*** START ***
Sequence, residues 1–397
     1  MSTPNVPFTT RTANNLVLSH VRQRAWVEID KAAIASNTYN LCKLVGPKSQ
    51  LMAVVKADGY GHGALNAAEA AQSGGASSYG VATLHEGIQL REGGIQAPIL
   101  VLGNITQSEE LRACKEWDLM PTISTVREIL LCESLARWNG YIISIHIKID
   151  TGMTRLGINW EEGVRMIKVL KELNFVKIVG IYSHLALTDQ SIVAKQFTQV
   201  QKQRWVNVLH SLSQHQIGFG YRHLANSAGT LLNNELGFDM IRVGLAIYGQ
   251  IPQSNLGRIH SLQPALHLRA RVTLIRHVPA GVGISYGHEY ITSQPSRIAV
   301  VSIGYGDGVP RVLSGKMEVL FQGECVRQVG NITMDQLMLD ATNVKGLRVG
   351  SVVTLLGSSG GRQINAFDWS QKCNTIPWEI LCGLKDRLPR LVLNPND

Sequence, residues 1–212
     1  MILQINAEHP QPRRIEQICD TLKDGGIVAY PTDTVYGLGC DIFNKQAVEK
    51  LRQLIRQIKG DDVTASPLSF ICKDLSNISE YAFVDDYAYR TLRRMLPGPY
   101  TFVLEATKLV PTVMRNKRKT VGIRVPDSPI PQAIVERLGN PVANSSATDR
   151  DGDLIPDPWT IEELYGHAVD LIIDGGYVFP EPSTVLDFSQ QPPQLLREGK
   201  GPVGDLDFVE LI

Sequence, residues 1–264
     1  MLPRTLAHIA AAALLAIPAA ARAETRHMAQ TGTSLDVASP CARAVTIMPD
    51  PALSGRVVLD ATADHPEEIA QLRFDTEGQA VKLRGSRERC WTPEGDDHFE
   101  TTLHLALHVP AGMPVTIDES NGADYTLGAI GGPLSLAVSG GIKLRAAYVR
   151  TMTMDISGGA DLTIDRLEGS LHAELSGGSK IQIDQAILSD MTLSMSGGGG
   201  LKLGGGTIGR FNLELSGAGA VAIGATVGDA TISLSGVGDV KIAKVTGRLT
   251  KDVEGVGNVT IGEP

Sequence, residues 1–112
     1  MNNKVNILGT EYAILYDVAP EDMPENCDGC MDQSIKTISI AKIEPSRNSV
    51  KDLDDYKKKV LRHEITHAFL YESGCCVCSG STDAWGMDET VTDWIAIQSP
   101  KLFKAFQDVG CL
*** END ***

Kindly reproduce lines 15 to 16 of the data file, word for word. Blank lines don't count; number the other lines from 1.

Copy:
   201  GPVGDLDFVE LI

Sequence, residues 1–264